As children begin to move around and explore their world, cribs and playpens are replaced with teaching through words. Now is the time to teach possession, safety, sharing, choices, consequences, and how things work.
Children need discipline. First and foremost, they need to be taught what behavior is appropriate. When they do something that they should not, it is our job as parents to instruct them on what to do instead, and then practice with them until they are comfortable with the skill themselves. The chart below shows how this can be done before, during, and after misbehavior.
Hitting or slapping
Teach gentle touches
Say "Stop" and have the child touch gently
Point out when others use gentle touches
Taking things away from others
Teach possession using the words "yours," "mine," and "ours," and how to ask before using someone else's things
Have the child ask the other person if they can use their things. If the other child isn't ready, have them tell the child that they can have it when they are done
Praise when the child asks to use other's things. Praise the other child when they give a positive response or says that they can use it when done
Teach that teeth are used for eating food
Rub the top lip of the child with the knuckle of the hand, or wipe lips with a cold cloth
While brushing teeth, reinforce appropriate uses for them
Teach that everyone is special, and that their name is important to them
Have the child think up good names to give the other person, such as friend, sister, or brother
When the child uses an appropriate name, praise them for helping the other person feel good
Pushing and shoving
Teach kindness by using words when we want someone to move
Have the child practice asking the other person to "move, please"
If the child says, "move, please" rather than pushing or shoving, give praise
Interrupting adult conversations
Teach the child to wait when an adult is speaking. If they need something right away, say "Excuse me" and tell why they interrupted
When a child interrupts, look them in the eye, and ask them if it is very important. If not, tell them to wait until you are finished
Thank children when they do not interrupt adult conversations on the telephone or while visiting
Teach that books are for looking at gently. Read often with the child to model appropriate use of books
Put your hand on the book and say, "be gentle with the book"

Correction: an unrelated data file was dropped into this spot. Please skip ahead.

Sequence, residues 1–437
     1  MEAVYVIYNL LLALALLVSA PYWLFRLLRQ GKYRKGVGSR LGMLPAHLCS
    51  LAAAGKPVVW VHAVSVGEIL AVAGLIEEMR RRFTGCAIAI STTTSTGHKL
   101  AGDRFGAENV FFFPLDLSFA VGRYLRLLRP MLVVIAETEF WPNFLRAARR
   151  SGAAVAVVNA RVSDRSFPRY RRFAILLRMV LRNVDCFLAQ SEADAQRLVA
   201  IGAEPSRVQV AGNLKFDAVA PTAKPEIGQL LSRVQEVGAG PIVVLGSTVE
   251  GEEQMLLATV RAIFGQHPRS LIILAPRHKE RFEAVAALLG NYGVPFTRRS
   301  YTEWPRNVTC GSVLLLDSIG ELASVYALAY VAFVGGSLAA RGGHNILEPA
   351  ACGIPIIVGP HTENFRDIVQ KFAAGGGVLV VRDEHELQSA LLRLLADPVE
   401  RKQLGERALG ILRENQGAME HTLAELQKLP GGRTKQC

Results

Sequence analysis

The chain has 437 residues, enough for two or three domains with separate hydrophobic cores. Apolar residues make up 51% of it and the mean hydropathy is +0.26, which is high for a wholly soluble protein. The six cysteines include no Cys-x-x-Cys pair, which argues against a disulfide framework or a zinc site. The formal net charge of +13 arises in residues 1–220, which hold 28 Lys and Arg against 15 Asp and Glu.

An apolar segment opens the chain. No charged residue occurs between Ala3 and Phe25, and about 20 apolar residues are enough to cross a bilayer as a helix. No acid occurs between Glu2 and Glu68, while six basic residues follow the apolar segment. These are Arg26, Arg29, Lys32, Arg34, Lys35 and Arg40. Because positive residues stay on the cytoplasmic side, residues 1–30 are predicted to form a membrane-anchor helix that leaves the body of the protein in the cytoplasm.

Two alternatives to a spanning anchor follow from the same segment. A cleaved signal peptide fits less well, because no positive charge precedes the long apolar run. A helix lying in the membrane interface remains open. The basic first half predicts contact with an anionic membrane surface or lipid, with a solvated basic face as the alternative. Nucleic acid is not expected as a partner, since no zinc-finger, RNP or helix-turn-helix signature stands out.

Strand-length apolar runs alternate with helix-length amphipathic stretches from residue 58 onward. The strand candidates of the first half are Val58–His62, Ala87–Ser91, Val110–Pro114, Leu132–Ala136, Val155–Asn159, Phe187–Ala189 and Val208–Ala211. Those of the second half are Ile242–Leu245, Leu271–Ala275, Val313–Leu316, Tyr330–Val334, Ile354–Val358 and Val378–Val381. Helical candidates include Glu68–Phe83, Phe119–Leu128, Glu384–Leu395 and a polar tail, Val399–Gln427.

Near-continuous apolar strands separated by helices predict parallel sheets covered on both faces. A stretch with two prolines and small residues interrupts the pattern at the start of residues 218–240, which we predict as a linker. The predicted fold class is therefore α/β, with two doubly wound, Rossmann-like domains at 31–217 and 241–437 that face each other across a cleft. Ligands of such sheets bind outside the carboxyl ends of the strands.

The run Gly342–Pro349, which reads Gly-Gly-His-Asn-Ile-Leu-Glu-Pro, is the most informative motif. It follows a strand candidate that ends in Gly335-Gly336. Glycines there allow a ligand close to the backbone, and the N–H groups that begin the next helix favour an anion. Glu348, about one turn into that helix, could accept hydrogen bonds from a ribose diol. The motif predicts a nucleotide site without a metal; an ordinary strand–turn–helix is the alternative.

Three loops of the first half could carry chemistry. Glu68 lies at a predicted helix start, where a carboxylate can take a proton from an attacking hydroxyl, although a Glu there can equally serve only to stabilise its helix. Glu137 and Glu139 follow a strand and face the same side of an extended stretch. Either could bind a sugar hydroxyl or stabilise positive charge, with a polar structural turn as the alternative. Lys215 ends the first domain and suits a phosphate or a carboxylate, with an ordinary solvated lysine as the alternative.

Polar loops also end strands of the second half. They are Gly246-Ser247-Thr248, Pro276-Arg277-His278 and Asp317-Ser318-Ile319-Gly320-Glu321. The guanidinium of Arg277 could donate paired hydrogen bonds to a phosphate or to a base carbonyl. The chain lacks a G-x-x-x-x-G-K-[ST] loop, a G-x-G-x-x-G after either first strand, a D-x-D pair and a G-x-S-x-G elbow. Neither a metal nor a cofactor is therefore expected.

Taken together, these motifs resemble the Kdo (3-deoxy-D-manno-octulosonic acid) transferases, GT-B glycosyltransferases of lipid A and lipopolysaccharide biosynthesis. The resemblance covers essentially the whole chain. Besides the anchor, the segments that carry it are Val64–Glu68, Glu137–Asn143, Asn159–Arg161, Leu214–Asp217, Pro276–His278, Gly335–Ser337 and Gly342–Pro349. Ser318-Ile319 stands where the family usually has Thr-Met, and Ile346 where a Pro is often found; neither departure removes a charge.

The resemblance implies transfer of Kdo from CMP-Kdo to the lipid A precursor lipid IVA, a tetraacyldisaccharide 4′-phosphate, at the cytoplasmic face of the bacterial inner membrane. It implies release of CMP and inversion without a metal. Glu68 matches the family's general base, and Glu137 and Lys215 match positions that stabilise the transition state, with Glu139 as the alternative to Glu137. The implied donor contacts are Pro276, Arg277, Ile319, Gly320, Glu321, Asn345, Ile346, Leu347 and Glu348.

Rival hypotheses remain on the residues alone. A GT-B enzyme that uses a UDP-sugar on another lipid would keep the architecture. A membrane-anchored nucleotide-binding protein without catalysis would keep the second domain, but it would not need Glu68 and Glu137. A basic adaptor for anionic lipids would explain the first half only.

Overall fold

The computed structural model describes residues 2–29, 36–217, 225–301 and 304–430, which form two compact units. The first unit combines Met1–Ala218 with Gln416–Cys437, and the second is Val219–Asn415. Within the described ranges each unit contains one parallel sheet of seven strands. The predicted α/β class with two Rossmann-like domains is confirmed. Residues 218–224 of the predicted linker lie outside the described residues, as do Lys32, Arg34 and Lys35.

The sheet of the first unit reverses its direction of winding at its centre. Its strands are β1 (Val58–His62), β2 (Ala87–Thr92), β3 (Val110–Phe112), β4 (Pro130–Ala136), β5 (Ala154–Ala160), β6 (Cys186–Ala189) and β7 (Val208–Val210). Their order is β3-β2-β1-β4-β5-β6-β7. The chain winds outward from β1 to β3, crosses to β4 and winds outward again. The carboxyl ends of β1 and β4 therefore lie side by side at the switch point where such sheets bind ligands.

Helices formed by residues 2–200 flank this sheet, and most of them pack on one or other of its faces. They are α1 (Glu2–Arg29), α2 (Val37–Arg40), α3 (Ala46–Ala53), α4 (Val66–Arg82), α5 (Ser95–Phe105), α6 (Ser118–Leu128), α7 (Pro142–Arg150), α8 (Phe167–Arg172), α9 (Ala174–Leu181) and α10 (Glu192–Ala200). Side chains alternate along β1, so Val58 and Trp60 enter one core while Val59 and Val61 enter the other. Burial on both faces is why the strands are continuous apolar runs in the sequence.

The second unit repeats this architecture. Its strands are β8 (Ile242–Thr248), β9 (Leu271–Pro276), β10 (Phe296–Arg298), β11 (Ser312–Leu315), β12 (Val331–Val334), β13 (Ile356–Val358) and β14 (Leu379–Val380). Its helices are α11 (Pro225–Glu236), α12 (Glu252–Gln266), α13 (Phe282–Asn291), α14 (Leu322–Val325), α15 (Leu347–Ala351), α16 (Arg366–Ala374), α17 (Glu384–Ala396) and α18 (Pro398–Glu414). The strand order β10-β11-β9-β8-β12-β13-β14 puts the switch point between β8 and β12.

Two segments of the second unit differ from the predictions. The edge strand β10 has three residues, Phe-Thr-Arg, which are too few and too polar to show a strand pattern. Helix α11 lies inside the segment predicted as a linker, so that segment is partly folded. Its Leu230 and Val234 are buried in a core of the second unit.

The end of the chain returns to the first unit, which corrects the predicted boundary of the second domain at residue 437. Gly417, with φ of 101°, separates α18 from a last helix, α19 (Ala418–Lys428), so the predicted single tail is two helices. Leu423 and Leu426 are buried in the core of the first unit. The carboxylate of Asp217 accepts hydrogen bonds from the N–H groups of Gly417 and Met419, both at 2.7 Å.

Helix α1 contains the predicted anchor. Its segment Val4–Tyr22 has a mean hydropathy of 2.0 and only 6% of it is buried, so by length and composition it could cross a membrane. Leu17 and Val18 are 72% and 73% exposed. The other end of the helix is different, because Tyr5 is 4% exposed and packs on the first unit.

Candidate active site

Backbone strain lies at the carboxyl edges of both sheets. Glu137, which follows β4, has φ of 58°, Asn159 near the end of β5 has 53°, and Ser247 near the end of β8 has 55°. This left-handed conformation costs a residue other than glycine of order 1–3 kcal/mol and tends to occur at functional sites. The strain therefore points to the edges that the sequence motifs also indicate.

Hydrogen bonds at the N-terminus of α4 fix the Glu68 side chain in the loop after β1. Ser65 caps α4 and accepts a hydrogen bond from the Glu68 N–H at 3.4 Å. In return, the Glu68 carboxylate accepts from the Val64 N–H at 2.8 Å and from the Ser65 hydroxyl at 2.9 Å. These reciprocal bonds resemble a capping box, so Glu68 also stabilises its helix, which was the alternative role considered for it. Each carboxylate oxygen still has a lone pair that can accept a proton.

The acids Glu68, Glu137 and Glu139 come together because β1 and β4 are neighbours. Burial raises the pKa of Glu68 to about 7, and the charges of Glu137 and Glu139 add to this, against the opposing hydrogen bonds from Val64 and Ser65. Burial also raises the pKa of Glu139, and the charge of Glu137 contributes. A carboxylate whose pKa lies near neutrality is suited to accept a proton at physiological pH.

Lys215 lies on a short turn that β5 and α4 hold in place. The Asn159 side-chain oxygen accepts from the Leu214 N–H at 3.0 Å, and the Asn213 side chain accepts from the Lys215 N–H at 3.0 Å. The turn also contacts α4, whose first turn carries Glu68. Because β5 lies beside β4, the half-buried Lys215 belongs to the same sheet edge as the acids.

Praise the child when they look at a book gently
Writing on walls
Teach that crayons and markers are to be used on paper and in coloring books at the table
Have the child put the crayon or marker on the table, then give them cleaning supplies to scrub off the writing on the wall
Note how nice the walls look when we choose to color in our books and on paper instead
Most children will learn just what they are taught, whether we want them to or not! They pick up on attitudes, choices and things, the example that adults around them bring.
When was the last time you held yourself accountable for your behavior?
We teach boundaries by example
Our children follow our example, whether good or bad. We are their first teachers. They do what we do, and say what we say. If we have not set boundaries for ourselves when it comes to expressing our anger and displeasure, our children will not either. If we hit, they will hit. If we are kind, they will be kind.
The time that we spend teaching our children what they can and cannot do gives us the upper hand when we are with them away from our homes. We cannot expect them to behave any different from what they have been taught. When we spend time talking about what will happen and what we expect, our children behave more appropriately.
Our children only know what they live when we are with them. As they grow to adulthood, the attitudes and practices we have chosen will be the introduction that they have to the world. They see the world through our eyes. If we are trustworthy, and have treated them with respect, they will do the same for others.
They yell if we yell, they're kind if we're kind, they work like we work, they find what we find. Everything that we say and do, our children will mirror, exaggerated, too!